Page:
Background: Little is known about the predictors of eczema severity in the US population.
Objectives: We sought to determine the distribution and associations of childhood eczema severity in the United States.
Methods: We analyzed the data from the 2007 National Survey of Children’s Health, a prospective questionnaire-based study of a nationally representative sample of 91,642 children (range, 0–17 years).
Results: The prevalence of childhood eczema was 12.97% (95% confidence interval [95% CI], 12.42–13.53); 67.0% (95% CI, 64.8–69.2) had mild disease, 26.0% (95% CI, 23.9–28.1) had moderate disease, and 7.0% (95% CI, 5.8–8.3) had severe disease. There was significant statewide variation of the distribution of eczema severity (Rao-Scott χ2, P = 0.004), with highest rates of severe disease in Mid-Atlantic and Midwestern states. In univariate models, eczema severity was increased with older age, African American and Hispanic race/ethnicity, lower household income, oldest child in the family, home with a single mother, lower paternal/maternal education level, maternal general health, maternal/paternal emotional health, dilapidated housing, and garbage on the streets. In multivariate survey logistic regression models using stepwise and backward selection, moderate-to-severe eczema was associated with older age, lower household income, and fair or poor maternal health but inversely associated with birthplace outside the United States.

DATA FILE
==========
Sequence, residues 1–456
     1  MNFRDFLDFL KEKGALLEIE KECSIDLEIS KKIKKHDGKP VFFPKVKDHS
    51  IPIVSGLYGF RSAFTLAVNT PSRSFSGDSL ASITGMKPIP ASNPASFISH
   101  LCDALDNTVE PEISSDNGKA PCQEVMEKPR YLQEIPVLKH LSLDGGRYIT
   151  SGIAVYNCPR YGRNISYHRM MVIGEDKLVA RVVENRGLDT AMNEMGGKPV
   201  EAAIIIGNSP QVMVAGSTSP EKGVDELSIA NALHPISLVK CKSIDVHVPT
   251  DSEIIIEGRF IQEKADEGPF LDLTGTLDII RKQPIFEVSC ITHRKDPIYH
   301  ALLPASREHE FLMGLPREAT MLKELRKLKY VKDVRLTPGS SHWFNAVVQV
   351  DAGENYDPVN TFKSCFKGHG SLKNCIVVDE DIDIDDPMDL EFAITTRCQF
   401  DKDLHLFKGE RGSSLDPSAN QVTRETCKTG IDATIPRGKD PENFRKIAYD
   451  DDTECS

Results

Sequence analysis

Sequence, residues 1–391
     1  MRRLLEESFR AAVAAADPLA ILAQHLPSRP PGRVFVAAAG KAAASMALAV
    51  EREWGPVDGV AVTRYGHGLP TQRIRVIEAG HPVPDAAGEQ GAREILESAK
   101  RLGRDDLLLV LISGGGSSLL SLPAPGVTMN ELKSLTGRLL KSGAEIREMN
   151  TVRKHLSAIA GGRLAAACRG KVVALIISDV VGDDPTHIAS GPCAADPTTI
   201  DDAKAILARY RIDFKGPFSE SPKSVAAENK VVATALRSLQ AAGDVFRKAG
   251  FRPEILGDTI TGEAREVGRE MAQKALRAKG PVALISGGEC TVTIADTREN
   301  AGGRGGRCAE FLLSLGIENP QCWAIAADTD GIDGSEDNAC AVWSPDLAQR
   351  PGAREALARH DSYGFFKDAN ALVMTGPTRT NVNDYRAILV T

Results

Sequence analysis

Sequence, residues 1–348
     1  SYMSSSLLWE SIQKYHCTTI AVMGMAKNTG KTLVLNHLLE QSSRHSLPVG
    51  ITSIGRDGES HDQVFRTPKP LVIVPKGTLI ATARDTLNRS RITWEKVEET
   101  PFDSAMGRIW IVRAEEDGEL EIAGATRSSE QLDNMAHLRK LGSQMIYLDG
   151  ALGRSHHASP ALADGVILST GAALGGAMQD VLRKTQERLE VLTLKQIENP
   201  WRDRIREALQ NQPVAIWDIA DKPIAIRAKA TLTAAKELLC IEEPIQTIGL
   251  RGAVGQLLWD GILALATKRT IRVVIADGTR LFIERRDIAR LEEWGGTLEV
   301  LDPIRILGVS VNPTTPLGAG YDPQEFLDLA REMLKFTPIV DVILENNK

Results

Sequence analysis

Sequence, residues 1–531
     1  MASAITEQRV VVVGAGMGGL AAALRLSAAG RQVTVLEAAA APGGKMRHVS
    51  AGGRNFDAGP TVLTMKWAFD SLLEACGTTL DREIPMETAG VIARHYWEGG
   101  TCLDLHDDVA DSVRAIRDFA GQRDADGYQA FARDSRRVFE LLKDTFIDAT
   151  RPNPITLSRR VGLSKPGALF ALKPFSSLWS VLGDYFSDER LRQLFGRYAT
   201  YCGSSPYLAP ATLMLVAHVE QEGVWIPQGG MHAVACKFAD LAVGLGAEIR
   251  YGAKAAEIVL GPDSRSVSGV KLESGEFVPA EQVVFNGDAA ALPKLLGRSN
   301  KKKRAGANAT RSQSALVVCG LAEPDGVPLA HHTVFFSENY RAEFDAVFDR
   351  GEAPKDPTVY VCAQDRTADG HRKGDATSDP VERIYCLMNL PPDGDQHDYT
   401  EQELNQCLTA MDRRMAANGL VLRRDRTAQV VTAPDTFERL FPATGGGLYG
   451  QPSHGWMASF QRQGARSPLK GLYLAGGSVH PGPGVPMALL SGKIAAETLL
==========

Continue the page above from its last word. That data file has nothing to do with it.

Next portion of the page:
Conclusions: These data indicate that environmental and/or lifestyle factors play an important role in eczema severity.